But I’ve realised that to achieve this goal, we all need to support our local researchers. We should strive to know more about the revolutionary, homegrown research taking place in our own backyard — and ensure access to these treatments. While melanoma is our “national cancer” with a higher incidence rate in Australia and New Zealand than anywhere else in the world, we are also leading the way in combating the disease through incredible science, research and access.
Professor Long recently received the prestigious GSK Award for Research Excellence along with her Co-Medical Director of Melanoma Institute Australia Professor Richard Scolyer. It comes with an $80,000 grant that will go straight into funding ongoing research — like the very study I am in. I think there should be more opportunities like this to recognise the work being done by Australian researchers.
I wish that I had known about this remarkable new research into melanoma treatment when I was first diagnosed. If we take the time to learn about, support and celebrate these amazing researchers we can give hope to the 14,000 Australians diagnosed with melanoma each year.
Clinicians and their patients now have access to three online risk calculators developed by researchers at Melanoma Institute Australia.
MIA's Co-Medical Director Professor Richard Scolyer has received The University of Sydney Alumni Award for International Achievement.
More than 120 MIA clinicians, researchers and staff came together online to share research highlights.
For the 2nd consecutive year, MIA's Co-Medical Director Professor Richard Scolyer has been selected in the top 100 best, brightest, and most powerful advocates of pathology by The Pathologist.
As of Monday 27th July all patients and carers/family members coming into The Poche Centre will be required to bring their own mask.
In a recent issue of Cancer Cell journal, Prof Georgina Long AO and Prof Richard Scolyer discuss the challenge of bringing together clinical work and scientific research to underpin successful cancer research.
Clinicians around the world now have access to a new online calculator that predicts the risk that a patient’s primary melanoma has spread to nearby lymph nodes.
Professor Long has been appointed as an Officer (AO) of the Order of Australia (General Division) for distinguished service to medicine, particularly, to melanoma clinical and translational research, and to professional medical societies.
“I had a complete response within about six months. All of my tumours disappeared."
‘We are extremely proud of our ongoing contribution to the global effort to save lives from melanoma, with Dr Silva’s prestigious award proof that we continue to lead the way,'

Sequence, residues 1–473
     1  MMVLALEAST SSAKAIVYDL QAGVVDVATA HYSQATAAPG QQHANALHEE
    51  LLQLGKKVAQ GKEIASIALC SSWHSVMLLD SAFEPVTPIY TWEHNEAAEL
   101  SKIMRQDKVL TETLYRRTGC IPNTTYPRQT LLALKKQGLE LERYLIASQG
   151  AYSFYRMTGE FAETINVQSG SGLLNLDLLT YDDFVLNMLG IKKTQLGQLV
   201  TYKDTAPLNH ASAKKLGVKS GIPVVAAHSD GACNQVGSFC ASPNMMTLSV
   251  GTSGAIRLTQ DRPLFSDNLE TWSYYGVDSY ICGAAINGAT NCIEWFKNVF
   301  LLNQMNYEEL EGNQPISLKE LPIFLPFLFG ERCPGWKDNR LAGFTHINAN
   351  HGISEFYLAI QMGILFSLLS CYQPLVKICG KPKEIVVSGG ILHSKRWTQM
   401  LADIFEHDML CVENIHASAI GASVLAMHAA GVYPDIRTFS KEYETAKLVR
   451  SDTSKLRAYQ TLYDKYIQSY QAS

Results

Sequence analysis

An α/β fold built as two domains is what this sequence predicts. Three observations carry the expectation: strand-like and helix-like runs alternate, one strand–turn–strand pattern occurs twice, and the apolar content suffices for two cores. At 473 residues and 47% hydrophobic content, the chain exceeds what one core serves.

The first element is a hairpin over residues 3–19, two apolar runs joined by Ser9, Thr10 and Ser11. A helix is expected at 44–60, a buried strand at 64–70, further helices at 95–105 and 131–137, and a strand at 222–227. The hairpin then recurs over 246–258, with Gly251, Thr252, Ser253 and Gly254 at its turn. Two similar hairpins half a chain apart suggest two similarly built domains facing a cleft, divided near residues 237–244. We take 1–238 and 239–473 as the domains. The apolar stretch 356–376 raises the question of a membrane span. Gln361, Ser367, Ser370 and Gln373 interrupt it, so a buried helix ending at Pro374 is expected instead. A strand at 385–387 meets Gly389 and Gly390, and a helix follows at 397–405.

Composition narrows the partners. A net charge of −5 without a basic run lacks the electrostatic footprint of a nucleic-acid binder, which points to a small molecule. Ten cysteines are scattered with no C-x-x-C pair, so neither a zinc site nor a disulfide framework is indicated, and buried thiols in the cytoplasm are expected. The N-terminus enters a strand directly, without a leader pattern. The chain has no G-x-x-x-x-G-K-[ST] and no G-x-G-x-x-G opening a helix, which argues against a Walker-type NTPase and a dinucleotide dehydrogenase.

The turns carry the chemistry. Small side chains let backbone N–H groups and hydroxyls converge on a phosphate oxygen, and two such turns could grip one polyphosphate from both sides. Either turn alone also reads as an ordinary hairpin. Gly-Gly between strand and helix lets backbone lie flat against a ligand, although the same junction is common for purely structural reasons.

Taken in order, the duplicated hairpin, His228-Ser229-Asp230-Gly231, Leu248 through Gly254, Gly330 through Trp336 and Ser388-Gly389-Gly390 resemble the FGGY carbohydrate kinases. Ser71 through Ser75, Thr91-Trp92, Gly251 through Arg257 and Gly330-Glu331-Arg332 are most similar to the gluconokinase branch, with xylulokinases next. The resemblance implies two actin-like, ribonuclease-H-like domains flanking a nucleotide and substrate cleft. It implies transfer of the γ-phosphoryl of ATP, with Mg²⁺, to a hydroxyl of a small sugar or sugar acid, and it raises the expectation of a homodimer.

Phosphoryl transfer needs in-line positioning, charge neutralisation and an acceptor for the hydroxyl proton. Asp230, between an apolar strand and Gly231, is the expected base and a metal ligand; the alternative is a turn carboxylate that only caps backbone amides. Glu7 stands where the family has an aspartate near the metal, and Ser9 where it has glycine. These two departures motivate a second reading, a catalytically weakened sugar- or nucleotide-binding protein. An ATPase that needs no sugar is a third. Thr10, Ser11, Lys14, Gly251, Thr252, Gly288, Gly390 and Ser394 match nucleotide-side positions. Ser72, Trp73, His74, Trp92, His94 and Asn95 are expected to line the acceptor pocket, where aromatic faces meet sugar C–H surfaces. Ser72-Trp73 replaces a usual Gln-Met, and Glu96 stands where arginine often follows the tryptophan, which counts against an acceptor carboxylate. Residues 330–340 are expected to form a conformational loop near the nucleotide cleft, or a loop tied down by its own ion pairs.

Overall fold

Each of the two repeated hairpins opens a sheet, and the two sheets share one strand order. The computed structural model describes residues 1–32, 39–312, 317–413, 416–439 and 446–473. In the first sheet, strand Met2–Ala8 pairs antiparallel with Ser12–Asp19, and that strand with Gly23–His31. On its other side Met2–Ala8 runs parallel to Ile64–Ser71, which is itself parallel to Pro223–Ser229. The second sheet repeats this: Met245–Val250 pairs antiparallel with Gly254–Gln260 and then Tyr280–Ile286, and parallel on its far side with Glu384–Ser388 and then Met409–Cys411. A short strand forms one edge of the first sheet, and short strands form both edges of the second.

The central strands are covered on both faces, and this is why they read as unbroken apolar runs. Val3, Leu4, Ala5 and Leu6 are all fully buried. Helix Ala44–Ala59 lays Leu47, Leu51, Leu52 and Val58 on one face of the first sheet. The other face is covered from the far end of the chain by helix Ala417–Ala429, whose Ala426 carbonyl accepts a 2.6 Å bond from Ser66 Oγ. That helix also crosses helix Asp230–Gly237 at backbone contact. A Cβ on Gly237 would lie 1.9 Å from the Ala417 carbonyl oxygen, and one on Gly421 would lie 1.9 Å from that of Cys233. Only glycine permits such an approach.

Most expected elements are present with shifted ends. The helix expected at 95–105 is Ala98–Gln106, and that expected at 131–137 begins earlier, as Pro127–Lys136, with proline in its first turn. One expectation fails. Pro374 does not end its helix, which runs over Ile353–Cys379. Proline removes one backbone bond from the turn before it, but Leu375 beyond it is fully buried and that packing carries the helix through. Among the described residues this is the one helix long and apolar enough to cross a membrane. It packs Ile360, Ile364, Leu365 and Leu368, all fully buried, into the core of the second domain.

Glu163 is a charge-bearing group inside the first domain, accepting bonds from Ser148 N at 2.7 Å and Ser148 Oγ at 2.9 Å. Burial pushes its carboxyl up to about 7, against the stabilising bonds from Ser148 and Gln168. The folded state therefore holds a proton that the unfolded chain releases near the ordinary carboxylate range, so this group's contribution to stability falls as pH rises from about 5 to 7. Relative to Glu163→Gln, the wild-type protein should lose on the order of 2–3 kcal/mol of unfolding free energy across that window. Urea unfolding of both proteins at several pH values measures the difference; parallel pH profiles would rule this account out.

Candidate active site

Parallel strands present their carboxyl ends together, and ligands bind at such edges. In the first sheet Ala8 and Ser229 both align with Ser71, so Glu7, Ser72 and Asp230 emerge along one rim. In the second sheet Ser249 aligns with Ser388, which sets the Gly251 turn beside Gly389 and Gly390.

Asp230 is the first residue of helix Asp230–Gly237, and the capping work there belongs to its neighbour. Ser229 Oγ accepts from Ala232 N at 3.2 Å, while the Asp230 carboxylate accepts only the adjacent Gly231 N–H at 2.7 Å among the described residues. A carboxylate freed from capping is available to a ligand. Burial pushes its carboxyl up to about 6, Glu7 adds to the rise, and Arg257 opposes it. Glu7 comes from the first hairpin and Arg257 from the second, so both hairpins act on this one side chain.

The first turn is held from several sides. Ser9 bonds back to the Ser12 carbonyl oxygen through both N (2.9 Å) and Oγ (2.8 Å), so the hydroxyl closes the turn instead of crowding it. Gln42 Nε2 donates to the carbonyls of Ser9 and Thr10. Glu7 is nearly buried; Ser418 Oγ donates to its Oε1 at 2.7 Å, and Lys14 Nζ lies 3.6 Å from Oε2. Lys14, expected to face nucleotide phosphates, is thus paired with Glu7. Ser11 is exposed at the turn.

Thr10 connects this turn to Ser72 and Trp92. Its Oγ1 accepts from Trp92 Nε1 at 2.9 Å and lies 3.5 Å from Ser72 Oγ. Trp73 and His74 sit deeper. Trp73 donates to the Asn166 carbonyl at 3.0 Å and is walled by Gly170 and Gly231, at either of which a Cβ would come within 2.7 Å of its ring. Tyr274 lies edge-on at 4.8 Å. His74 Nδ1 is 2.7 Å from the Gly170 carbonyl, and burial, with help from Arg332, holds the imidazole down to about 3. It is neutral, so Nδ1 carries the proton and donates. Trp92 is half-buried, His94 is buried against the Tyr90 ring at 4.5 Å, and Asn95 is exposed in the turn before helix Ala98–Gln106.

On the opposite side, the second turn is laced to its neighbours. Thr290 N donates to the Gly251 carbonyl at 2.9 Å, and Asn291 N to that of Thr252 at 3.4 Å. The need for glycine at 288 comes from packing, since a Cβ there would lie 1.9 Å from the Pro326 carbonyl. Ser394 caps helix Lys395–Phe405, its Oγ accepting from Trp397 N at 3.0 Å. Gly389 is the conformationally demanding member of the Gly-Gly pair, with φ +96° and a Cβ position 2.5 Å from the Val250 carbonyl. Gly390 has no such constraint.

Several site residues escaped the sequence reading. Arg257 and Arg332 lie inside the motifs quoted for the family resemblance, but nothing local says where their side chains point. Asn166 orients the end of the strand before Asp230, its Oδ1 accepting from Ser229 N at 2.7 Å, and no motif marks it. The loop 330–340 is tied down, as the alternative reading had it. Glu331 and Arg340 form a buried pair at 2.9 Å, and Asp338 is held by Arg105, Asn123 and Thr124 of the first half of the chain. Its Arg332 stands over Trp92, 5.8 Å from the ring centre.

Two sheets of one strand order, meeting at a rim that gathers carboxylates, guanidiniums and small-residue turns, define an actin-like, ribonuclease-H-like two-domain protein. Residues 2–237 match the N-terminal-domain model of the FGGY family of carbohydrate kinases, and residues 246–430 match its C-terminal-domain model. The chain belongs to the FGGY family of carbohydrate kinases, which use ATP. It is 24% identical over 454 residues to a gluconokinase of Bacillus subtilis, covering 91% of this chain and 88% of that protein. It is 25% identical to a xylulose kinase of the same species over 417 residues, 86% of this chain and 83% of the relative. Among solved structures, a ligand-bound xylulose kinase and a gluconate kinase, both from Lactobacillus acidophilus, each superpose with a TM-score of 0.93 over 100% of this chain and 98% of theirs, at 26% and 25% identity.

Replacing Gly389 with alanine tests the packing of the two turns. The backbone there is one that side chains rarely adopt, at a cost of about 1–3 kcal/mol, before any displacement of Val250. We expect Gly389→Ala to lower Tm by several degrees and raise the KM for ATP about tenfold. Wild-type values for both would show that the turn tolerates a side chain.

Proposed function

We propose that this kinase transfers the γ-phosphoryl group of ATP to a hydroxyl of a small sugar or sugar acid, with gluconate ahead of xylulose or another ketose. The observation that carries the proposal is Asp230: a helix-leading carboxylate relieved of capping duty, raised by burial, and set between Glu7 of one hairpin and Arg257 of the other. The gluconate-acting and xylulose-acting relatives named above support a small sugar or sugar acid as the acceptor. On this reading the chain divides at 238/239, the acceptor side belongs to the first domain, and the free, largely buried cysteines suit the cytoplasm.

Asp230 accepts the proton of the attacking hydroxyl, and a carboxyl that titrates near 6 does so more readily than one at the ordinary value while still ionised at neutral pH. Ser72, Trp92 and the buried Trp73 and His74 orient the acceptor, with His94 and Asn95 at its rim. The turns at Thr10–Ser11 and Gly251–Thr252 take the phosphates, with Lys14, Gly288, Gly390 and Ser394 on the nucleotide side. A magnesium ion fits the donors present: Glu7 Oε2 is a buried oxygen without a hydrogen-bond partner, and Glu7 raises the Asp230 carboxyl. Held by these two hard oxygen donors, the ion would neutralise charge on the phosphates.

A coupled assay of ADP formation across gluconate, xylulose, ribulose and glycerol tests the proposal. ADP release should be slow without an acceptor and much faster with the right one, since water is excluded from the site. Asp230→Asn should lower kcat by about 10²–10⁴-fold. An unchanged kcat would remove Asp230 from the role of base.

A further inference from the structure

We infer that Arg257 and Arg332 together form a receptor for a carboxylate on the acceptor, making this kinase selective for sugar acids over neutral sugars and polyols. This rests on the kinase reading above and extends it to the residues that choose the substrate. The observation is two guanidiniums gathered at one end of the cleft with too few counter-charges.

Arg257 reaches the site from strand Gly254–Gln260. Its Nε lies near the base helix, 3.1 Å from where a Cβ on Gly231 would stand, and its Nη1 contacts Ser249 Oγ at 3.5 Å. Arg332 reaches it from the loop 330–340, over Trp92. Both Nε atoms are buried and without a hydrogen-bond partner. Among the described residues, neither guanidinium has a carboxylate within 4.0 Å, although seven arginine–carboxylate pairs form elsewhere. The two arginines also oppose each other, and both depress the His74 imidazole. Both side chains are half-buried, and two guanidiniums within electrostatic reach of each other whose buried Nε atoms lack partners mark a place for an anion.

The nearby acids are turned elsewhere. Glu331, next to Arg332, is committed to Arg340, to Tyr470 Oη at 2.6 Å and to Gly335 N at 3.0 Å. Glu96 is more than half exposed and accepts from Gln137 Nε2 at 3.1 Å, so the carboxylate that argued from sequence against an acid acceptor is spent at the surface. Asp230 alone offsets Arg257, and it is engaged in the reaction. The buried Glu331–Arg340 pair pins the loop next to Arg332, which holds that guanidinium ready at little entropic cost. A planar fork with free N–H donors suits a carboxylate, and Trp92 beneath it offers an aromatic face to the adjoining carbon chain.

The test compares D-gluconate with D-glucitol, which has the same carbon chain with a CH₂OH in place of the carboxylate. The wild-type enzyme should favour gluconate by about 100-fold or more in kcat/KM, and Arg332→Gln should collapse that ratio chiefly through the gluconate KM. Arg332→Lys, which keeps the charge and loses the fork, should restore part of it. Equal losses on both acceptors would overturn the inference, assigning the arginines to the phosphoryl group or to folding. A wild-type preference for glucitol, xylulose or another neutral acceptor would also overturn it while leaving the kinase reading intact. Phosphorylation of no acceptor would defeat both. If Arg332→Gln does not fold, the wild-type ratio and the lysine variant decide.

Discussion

MIA's Co-Medical Director, Professor Richard Scolyer, has achieved a Google Scholar h-index of 100.
We know what Melanoma March means to our community, so when we had to cancel our physical events, we created Melanoma March Virtual so that everyone across Australia could still connect to honour loved ones and support each other.
A must-read personal account by Garry Maddox in The Sydney Morning Herald of how immunotherapy is revolutionising melanoma treatment.
On Friday, a publication that lays out the steps needed to find out if a systematic screening program for melanoma would benefit all Australians was published in the Australia & New Zealand Journal of Public Health.
Melanoma March events have been cancelled. A Virtual March will be held on Sunday 29th March. Read this statement from MIA CEO Matthew Browne.
Thank you to the thousands of Aussies who bought ‘Game On Mole‘ t-shirts, took selfies, shared t-shirt pics on social media and started lifesaving conversations around sun safety and skin health.
Melanoma patients now have greater access to subsidised immunotherapy thanks to additional treatments today being listed on the PBS.
Brisbane couple Leon and Tamra Betts were, like thousands of others around Australia, on the couch watching MAFS when newlywed Natasha ran through her weekly beauty routine. When they heard the 26-year-old mention solarium use, they were shocked, and then saddened, prompting this open letter to all young Australians.
Professor Richard Scolyer, Co-Medical Director of Melanoma Institute Australia, will welcome international attendees this weekend to a sold-out, two-day course on ‘Pigmented Lesions and Other Hot Topics in Dermatopathology’.
It is time for a reality check on solariums.
They have no place in anyone’s beauty routine.